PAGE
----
1000 Jupiters could fit inside of the Sun.
The study of astrology, which I undertook to aid and augment understanding of divination and divinatory systems, has renewed my interest in astronomy. Last night I discovered the Edge of the Universe series on Netflix; it was a good scratch for the now on-going itch to learn more about space and celestial bodies. I usually enjoy having my mind blown and oftentimes a good science documentary will do just that. Watching this documentary, I realized with awe and glee, how absolutely inaccurate my vague and mostly self-constructed concept of planet and star relations was.
1,300 Earths could fit inside of Jupiter.
It would take 3.5 Earths alone just to fit across Jupiter's red spot.
Jupiter is 1200 million miles from the sun and takes 12 years to orbit it. Digest that. The second bit, is that Jupiter pulls our sun as much as 1.2 million miles off its center during this orbit. Eeeeeeee!? Scientists use this phenomenon in their search for planets, (specifically small ones like Earth that might support life as we know it). Stars that are orbited by giant gaseous planets, such as Jupiter wobble in space. That is, when the image of these stars is recorded, there is a wobbling back-and-forth of the star as the huge planet moves around it, (think, too many blankets in the washing machine or novice attempts on a pottery wheel).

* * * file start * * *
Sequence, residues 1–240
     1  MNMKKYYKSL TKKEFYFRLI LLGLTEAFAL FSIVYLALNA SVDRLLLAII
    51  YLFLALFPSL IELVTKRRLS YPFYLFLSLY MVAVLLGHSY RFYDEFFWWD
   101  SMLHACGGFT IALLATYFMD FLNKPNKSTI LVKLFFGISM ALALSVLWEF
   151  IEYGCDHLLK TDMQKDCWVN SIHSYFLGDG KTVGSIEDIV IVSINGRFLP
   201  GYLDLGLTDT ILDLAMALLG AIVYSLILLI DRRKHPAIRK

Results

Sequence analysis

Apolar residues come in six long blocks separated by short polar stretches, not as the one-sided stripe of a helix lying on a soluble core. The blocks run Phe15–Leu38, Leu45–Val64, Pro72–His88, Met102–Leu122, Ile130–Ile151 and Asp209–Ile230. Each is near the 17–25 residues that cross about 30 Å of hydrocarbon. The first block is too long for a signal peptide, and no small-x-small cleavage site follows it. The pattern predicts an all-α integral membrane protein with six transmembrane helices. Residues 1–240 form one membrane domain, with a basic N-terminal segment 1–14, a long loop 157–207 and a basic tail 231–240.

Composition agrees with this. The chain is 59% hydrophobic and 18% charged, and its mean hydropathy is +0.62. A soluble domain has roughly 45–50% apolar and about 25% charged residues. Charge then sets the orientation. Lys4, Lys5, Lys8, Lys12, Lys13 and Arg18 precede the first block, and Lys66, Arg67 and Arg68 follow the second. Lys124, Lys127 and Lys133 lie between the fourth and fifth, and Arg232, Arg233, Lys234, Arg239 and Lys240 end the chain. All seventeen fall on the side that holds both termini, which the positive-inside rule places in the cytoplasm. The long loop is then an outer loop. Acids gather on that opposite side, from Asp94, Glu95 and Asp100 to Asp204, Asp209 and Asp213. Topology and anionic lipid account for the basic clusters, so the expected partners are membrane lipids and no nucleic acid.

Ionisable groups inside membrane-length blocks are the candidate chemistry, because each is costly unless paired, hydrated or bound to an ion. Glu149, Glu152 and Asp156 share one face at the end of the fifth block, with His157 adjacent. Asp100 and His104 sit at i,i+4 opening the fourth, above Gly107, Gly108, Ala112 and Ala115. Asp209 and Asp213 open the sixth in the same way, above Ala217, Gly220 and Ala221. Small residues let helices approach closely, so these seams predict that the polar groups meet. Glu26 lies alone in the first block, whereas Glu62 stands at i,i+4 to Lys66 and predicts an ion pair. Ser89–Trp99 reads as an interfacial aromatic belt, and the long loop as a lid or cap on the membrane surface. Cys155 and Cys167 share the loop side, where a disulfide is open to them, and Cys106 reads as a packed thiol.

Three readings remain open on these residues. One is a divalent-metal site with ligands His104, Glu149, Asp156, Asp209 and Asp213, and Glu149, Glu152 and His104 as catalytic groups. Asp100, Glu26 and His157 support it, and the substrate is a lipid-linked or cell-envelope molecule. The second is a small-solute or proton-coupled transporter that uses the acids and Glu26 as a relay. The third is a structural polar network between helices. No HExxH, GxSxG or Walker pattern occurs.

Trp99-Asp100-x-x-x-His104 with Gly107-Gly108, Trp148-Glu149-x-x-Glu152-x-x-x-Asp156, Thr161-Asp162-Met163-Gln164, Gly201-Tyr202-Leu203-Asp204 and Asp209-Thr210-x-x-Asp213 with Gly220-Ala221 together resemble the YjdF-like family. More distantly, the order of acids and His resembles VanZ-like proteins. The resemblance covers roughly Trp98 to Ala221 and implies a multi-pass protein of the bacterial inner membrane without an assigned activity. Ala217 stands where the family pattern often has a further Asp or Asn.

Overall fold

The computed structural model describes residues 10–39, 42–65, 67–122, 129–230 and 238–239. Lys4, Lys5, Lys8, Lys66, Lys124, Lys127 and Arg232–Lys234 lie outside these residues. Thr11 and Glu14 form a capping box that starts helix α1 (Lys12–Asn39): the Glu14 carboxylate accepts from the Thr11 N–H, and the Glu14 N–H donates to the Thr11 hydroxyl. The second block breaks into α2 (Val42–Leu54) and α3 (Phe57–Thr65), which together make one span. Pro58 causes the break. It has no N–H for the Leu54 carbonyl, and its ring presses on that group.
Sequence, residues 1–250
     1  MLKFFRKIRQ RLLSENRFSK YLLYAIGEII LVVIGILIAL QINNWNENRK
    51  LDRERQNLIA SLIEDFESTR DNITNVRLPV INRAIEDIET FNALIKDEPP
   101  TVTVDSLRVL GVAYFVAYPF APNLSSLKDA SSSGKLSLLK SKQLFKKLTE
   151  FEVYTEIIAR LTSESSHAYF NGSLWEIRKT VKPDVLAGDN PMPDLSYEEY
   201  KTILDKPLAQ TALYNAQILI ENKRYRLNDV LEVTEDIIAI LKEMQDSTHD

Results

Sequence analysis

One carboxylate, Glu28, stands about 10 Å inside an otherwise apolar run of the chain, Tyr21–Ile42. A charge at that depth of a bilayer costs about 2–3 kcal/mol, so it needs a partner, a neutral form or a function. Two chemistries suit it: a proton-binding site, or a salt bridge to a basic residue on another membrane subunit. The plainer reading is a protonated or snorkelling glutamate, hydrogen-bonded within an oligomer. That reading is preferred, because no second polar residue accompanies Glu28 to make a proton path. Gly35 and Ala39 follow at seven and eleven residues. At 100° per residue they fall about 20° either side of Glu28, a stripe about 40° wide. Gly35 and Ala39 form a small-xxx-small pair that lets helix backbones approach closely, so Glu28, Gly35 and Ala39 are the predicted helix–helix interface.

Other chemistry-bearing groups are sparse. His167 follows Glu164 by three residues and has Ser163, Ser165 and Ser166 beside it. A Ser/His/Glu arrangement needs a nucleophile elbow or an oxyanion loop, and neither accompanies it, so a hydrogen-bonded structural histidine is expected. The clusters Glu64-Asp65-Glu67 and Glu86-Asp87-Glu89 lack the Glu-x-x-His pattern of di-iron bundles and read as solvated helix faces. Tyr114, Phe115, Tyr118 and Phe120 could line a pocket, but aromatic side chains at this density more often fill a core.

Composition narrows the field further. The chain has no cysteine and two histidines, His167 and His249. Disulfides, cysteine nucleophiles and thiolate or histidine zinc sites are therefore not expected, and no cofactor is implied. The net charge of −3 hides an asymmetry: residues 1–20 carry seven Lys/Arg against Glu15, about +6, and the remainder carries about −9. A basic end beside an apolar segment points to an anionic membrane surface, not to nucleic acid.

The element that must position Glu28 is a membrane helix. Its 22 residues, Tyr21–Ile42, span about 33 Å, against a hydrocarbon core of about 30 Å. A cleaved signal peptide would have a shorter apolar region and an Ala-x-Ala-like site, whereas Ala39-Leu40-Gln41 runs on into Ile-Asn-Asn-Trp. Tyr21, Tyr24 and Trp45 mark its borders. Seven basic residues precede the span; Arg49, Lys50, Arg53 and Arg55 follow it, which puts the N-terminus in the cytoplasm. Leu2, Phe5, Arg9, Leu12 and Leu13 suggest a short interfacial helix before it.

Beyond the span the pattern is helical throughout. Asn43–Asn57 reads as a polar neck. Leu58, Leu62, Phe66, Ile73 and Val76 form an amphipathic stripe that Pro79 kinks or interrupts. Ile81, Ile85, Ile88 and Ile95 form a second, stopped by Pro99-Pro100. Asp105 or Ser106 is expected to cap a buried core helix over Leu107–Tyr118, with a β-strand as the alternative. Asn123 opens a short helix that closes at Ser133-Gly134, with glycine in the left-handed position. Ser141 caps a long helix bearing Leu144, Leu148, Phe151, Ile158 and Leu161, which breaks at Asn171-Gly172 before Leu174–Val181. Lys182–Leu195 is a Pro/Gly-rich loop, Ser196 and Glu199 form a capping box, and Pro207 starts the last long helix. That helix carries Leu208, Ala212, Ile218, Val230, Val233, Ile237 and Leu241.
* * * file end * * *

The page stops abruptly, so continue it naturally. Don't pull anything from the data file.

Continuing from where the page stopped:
Here’s a simple, concise article on the concept of a barycenter, the center of gravity around which a planet and it’s sun actually rotate: https://spaceplace.nasa.gov/barycenter/en/.
For years, no planets were discovered, until a breakthrough made it apparent that many gas giants do not take 12 years to orbit their suns like Jupiter does; some take a matter of weeks, or even days! Here I was, imagining those outer planets as inconceivably far away, deep in a sea of black space and reasoning that their effect upon earth must be minute. Gravitationally, their pull on earth is very small, (particularly in comparison with the sun or even the moon) yet the gravitational dance between suns and planets takes on a new and intricate dimension as one considers the location of each planet on its orbit and the effect of its gravity upon the solar system. Neptune was discovered because of aberrations in the orbit of its nearest planetary neighbor, Uranus.
1 million Earths fit inside the Sun.
The Sun’s diameter is more than 1 million Km.
This gives me pause to consider the balance of these relatively gargantuan pulls upon us wee human beings. What is their actual effect upon us? The only way to know, I think, is to observe over time, (as astronomers do with stars and planets) our own wobbles; and to question and consider all of the orbiting bodies we may have in our systems and that might be traced from the wobble. Perhaps there a gas giant in our midst, orbiting furiously, 700x per second and invisible because we did not know how to look.